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Today's Stichomancy for George Harrison

The first excerpt represents the element of Air. It speaks of mental influences and the process of thought, and is drawn from Tarzan and the Jewels of Opar by Edgar Rice Burroughs:

shallow grave. As the loose earth fell upon the silent form beneath the tell-tale blankets, Albert Werper heaved another sigh of relief--his plan had worked out even better than he had dared hope.

With Achmet Zek and Mohammed Beyd both dead, the raiders were without a leader, and after a brief conference they decided to return into the north on visits to the various tribes to which they belonged, Werper, after learning the direction they intended taking, announced that for his part, he was going east to the coast, and as they knew of nothing he possessed


Tarzan and the Jewels of Opar
The second excerpt represents the element of Fire. It speaks of emotional influences and base passions, and is drawn from The Blue Flower by Henry van Dyke:

So I saw the Other Wise Man again and again, travelling from place to place, and searching among the people of the dispersion, with whom the little family from Bethlehem might, perhaps, have found a refuge. He passed through countries where famine lay heavy upon the land, and the poor were crying for bread. He made his dwelling in plague-stricken cities where the sick were languishing in the bitter companionship of helpless misery. He visited the oppressed and the afflicted in the gloom of subterranean prisons, and the crowded wretchedness of slave-markets, and the weary toil of galley-ships. In all this populous and intricate world of

The third excerpt represents the element of Water. It speaks of pure spiritual influences and feelings of love, and is drawn from The Unseen World and Other Essays by John Fiske:

hardly questionable that it was the real Jeanne who publicly recanted on the 24th of May. This was only six days before the execution. Four days after, on Monday the 28th, it was reported that Jeanne had relapsed, that she had, in defiance of the Church's prohibition, clothed herself in male attire, which had been left in a convenient place by the authorities, expressly to test her sincerity. On the next day but one, the woman purporting to be the Maid of Orleans was led out, with her face carefully covered, and burnt at the stake.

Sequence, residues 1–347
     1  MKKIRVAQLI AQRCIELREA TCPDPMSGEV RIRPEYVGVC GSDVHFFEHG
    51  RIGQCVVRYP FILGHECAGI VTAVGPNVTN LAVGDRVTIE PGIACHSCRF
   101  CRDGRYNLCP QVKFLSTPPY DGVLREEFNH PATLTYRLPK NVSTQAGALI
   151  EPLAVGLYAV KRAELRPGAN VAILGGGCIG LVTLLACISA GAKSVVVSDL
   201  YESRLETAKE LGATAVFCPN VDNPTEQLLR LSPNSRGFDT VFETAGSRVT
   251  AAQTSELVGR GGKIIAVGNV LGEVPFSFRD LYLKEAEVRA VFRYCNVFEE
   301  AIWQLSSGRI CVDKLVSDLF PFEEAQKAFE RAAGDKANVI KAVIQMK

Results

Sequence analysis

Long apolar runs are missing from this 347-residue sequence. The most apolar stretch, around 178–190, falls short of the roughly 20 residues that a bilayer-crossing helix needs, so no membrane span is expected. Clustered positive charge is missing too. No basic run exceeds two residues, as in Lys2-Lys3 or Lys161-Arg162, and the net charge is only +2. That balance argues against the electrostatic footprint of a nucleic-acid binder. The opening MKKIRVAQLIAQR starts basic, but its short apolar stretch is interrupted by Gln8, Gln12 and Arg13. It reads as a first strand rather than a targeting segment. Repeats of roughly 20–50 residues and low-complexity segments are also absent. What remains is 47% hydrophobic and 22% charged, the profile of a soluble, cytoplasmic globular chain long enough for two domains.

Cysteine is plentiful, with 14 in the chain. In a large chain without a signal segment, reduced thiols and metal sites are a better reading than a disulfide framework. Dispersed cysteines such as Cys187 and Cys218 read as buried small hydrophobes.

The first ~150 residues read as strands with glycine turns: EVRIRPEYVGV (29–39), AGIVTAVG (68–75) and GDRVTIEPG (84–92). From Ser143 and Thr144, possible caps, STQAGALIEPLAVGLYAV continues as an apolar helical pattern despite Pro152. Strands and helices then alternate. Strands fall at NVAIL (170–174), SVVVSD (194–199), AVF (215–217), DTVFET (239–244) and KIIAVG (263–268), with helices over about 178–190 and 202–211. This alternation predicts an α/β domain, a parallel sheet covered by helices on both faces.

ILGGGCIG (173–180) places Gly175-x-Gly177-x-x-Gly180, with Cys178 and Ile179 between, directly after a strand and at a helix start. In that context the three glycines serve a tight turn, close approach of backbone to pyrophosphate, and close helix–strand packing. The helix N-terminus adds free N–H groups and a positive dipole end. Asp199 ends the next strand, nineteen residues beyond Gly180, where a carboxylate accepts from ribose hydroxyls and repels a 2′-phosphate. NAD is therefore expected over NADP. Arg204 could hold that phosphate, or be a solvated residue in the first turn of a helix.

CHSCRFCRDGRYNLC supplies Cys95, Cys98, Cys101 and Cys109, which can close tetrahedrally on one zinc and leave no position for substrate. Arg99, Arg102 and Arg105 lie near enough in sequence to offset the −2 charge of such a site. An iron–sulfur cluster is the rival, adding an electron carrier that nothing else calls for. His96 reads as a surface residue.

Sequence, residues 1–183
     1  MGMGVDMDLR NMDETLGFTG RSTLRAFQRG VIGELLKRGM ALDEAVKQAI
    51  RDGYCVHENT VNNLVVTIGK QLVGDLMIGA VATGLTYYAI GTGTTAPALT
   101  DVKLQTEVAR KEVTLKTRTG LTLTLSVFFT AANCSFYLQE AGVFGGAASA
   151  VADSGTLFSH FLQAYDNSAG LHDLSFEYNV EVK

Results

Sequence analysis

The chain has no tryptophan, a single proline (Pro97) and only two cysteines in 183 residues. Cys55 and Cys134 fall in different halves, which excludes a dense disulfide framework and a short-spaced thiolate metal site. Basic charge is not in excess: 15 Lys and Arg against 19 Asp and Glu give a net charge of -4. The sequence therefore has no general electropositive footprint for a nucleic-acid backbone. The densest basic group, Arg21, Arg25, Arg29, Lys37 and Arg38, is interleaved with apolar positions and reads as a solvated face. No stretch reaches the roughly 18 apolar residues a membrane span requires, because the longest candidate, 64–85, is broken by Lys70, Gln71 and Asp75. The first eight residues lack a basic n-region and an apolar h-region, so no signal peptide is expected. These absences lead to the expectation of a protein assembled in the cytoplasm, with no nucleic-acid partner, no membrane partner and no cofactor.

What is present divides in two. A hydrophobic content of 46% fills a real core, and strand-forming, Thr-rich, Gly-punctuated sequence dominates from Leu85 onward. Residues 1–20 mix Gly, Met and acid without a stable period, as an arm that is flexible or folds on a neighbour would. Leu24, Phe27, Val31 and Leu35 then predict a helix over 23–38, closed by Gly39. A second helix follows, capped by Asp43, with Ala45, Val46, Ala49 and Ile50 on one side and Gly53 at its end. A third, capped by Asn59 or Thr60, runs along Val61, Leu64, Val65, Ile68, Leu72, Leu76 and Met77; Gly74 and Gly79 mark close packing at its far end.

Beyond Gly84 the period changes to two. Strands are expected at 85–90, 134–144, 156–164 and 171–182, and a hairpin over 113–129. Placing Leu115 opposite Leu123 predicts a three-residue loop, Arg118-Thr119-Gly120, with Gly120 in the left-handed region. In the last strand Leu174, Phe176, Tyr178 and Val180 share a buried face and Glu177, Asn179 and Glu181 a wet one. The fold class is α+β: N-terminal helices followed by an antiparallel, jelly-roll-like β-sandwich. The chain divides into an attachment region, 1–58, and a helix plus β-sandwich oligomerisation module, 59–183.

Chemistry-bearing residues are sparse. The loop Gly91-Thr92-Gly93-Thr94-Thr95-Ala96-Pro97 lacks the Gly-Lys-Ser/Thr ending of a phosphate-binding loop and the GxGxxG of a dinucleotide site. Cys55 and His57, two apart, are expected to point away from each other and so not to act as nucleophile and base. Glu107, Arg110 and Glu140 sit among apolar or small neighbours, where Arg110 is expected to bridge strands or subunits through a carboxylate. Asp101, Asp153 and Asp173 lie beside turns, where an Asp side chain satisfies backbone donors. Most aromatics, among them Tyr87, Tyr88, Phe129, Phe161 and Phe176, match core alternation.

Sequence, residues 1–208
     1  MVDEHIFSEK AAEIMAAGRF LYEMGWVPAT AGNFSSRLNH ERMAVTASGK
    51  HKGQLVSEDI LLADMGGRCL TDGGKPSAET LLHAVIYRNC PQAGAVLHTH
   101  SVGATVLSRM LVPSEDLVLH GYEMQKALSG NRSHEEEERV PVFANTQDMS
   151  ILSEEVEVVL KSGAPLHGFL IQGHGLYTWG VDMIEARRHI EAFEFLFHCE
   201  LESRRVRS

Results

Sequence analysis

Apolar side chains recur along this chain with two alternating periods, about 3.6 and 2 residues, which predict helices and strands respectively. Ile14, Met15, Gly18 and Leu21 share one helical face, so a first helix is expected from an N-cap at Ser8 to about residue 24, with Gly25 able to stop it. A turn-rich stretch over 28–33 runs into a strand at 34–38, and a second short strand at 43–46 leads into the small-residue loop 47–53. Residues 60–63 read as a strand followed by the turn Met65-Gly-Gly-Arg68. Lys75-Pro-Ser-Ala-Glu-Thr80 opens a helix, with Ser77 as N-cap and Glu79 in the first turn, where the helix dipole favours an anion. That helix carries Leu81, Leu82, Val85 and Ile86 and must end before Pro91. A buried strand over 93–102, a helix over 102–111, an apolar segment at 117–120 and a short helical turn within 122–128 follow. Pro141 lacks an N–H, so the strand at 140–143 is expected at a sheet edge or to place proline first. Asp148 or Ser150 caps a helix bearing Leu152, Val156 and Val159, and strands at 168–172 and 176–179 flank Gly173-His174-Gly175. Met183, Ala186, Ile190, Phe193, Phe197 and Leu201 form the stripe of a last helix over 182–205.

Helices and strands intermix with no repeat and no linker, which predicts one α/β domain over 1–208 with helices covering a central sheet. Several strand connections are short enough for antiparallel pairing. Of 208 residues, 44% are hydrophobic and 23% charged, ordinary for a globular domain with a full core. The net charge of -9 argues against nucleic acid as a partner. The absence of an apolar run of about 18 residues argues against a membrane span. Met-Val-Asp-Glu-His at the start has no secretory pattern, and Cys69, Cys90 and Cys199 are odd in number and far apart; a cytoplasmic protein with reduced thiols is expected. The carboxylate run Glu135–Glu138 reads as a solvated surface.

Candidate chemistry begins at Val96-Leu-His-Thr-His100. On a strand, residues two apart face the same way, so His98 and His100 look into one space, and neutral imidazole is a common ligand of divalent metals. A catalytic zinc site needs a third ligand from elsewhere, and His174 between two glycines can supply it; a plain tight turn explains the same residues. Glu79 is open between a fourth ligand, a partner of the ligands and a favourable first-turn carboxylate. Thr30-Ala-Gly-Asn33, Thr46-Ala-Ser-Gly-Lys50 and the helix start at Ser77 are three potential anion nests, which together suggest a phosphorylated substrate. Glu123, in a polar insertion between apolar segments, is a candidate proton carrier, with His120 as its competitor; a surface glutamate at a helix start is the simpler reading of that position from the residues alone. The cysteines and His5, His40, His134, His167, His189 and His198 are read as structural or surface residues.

Here is the first combination of circumstances which bears a suspicious look. It disposes of our Burgundy hypothesis, for a


The Unseen World and Other Essays
The fourth excerpt represents the element of Earth. It speaks of physical influences and the impact of the unseen on the visible world, and is drawn from Charmides by Plato:

Indeed, I cannot; and I should not wonder if the man himself who used this phrase did not understand what he was saying. Whereupon he laughed slyly, and looked at Critias.

Critias had long been showing uneasiness, for he felt that he had a reputation to maintain with Charmides and the rest of the company. He had, however, hitherto managed to restrain himself; but now he could no longer forbear, and I am convinced of the truth of the suspicion which I entertained at the time, that Charmides had heard this answer about temperance from Critias. And Charmides, who did not want to answer himself, but to make Critias answer, tried to stir him up. He went on pointing out that he had been refuted, at which Critias grew angry, and